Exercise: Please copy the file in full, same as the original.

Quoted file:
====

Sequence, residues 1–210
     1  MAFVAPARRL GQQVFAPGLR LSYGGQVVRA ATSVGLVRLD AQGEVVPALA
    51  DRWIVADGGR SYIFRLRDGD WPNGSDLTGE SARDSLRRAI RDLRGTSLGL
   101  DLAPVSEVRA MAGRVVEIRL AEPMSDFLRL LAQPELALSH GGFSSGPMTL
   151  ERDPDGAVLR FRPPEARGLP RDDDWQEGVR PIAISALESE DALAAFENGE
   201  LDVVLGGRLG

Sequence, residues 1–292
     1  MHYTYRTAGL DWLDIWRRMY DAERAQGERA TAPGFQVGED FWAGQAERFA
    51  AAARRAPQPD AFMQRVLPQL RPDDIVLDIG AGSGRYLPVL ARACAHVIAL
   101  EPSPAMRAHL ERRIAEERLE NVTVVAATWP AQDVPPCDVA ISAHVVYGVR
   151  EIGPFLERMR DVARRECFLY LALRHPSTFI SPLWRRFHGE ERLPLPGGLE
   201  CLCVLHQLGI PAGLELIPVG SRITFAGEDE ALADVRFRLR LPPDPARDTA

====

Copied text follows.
Sequence, residues 1–210
     1  MAFVAPARRL GQQVFAPGLR LSYGGQVVRA ATSVGLVRLD AQGEVVPALA
    51  DRWIVADGGR SYIFRLRDGD WPNGSDLTGE SARDSLRRAI RDLRGTSLGL
   101  DLAPVSEVRA MAGRVVEIRL AEPMSDFLRL LAQPELALSH GGFSSGPMTL
   151  ERDPDGAVLR FRPPEARGLP RDDDWQEGVR PIAISALESE DALAAFENGE
   201  LDVVLGGRLG

Sequence, residues 1–292
     1  MHYTYRTAGL DWLDIWRRMY DAERAQGERA TAPGFQVGED FWAGQAERFA
    51  AAARRAPQPD AFMQRVLPQL RPDDIVLDIG AGSGRYLPVL ARACAHVIAL
   101  EPSPAMRAHL ERRIAEERLE NVTVVAATWP AQDVPPCDVA ISAHVVYGVR
   151  EIGPFLERMR DVARRECFLY LALRHPSTFI SPLWRRFHGE ERLPLPGGLE
   201  CLCVLHQLGI PAGLELIPVG SRITFAGEDE ALADVRFRLR LPPDPARDTA